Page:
By Bernard Hickey
Decisions about voting for a party or employing a person or investing in some new system or machine or product are difficult things at the best of times.
So changing the way we make these decisions makes them doubly difficult, but it can create a big payoff.
Let me make the case for changing the way these decisions are made in a fundamental way.
Collectively, by the time you read this column, you will have made one of those difficult and irregular decisions about who to vote for. Now the decision is made, it's worth reflecting on how you made that decision.
Did you analyse the pros and cons in any rational sense?
Did you look at the trade-offs involved and the likely outcomes of the various scenarios?
Did you create a spreadsheet that looked at the costs and the benefits?
Did you come up with number which said you would be better off with one party or another?
Did you look at just the cashflow implications or just the balance sheet implications?
How long was your forecast horizon and who's interests did you consider?
I'll assume you were all perfectly rational and informed voters who spent the time and effort to do that analysis. Some might say that's being generous, but let's give everyone the benefit of the doubt on what should be a day of celebration for some - or at least relief that it's over.
So you might have worked out what a change of Government might have meant relative to the status quo.
You could have worked out what a 15% Capital Gains Tax, a 36% top income tax rate and trust rate, compulsory KiwiSaver, lower (or higher) interest rates and more (or less) Government debt meant for you personally.
Politicians are often fond of characterising these decisions in a way that a certain policy would increase your take home pay by x or reduce your costs by y, or increase the value of your home or the country by z.
That boils the decision down to a simple number and often assumes something quite dangerous - that the voter only cares about their own immediate incomes and costs.
Sadly, that's often how votes and spending and investment decisions are made - for the short term and from the point of view of today's consumer.
That seems natural in a world that celebrates the individual and the now, but it's not how everyone has done it for all time.
Just imagine if those decision horizons and points of view were changed.
This question cuts right to the heart of how personal finances and governments and societies and companies evolve, and often whether they succeed in the long run.
For example, investment decisions in China, for example, and by many family owned businesses are taken from the point of view of a family over multiple generations.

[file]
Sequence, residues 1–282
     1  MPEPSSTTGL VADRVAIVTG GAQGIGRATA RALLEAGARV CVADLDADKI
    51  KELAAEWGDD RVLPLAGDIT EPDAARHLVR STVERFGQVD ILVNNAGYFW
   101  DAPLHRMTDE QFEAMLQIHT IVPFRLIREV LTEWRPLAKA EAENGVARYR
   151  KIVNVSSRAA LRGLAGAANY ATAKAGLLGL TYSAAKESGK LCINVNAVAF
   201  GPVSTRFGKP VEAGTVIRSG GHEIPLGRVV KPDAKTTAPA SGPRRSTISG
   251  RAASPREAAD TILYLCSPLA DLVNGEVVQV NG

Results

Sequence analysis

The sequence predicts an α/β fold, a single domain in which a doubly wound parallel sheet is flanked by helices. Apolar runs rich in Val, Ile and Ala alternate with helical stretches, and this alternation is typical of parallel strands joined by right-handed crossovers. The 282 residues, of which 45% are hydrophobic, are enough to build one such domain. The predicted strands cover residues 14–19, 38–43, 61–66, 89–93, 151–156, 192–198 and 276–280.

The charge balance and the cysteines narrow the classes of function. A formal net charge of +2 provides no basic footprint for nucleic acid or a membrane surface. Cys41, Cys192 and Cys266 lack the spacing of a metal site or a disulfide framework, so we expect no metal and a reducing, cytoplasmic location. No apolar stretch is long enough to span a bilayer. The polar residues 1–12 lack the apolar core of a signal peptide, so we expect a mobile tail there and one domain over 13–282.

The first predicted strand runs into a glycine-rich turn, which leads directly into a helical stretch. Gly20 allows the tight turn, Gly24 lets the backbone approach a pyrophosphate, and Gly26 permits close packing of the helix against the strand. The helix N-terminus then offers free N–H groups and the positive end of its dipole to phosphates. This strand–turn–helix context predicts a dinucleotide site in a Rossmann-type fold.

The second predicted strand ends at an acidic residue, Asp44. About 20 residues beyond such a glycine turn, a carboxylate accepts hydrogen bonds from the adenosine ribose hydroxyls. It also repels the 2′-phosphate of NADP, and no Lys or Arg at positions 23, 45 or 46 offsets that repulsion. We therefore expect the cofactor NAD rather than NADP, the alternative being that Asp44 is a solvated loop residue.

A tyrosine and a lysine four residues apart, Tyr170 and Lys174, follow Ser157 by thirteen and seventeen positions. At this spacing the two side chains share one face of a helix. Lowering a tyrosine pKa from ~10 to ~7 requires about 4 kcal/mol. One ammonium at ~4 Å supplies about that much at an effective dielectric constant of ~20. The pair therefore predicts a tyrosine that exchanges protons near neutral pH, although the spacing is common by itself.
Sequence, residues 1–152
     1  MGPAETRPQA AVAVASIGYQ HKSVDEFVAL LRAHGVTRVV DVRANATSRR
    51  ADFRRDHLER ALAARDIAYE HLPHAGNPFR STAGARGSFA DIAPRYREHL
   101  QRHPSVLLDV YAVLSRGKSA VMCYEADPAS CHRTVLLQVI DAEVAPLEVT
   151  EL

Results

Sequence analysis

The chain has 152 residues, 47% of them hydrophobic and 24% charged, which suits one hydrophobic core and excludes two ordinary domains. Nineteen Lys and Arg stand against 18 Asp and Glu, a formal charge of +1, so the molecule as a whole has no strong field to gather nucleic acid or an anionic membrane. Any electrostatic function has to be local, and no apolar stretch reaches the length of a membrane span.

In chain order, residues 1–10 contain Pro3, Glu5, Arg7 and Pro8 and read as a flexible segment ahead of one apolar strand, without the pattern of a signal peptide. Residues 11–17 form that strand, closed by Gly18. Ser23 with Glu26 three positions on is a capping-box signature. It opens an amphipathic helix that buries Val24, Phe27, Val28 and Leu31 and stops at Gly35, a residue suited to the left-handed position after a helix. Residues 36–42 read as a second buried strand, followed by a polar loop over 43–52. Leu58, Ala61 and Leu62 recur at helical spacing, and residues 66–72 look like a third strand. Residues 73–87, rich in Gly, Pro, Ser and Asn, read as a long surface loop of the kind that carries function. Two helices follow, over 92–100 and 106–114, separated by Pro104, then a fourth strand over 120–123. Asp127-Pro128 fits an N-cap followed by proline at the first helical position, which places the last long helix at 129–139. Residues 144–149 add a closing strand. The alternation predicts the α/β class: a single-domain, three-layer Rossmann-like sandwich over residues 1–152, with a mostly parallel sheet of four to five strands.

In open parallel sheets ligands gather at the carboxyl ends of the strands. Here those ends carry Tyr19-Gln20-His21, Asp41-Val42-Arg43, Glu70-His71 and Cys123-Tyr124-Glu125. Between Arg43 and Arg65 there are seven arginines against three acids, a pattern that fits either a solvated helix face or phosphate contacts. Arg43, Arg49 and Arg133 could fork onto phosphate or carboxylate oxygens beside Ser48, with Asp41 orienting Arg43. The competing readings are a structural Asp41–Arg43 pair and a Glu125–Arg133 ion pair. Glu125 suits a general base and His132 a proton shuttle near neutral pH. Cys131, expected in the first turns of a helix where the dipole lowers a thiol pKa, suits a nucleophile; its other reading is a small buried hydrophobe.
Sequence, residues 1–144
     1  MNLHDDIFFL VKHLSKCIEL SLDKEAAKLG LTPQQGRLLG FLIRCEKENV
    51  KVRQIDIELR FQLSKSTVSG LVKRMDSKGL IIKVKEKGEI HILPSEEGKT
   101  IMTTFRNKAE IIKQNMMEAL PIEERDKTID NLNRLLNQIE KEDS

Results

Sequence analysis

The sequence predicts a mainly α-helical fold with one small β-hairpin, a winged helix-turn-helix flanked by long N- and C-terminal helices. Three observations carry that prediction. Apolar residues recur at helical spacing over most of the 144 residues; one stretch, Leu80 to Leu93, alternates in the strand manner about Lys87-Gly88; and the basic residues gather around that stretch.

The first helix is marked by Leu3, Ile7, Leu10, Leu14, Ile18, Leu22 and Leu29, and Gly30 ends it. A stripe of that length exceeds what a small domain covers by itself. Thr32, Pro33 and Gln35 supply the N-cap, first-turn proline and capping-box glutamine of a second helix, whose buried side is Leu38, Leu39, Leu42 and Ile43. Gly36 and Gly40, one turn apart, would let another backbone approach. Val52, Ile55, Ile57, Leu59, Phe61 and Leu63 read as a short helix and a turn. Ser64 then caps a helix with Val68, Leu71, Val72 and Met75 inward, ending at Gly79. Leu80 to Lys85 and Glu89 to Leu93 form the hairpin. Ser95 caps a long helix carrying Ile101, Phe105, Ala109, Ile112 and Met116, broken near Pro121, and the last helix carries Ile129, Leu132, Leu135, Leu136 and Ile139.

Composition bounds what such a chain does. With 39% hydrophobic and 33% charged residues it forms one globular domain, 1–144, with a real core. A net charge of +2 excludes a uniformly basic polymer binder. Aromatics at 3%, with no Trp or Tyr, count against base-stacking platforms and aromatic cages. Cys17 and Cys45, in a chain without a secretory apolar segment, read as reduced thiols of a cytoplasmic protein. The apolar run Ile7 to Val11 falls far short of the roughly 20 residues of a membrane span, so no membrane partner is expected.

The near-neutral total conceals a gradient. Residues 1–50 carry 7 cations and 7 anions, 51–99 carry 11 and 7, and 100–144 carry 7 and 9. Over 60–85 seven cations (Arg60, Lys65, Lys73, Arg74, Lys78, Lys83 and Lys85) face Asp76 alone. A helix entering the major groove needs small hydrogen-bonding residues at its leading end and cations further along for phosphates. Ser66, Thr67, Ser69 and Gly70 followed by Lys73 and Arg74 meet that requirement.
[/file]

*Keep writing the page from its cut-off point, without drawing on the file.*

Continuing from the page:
Assumptions are made about investment returns and current consumption that would make no sense to a consumption-focused individual today.
Decisions to invest in land or business assets or education make complete sense when you take into account the effect over decades and centuries rather than weeks or years.
Assumptions about likely investment returns, or in the jargon - discount rates, make massive differences to the projected outcomes.
So let's have a thought experiment.
If you had taken into account the multi-generational impact of the decision you made this weekend and assumed very low investment returns (perhaps as low as 2% or 3% over the long run) for the societal 'assets and liabilities' you invested in, would it have been different?
For most of the last three hundred years, long term interest rates have been between 2-5%, not the 5-15% seen for the forty years from 1960 to 2000.
Families, companies and societies that invest in assets that offer steady returns for the very long term, but not necessarily instant gratification, often generate the best results over the very long term.
So why don't we make all our decisions that way?
Some societies and families and companies do, but in New Zealand in 2014 most don't.
As you sit back and reflect on the election result, have a think about whether it would have been different if everyone had taken a multi-generational and long-term investment approach.
Would your vote have been different and would the overall result have been different?
A version of this article first ran in the Herald on Sunday. It is here with permission.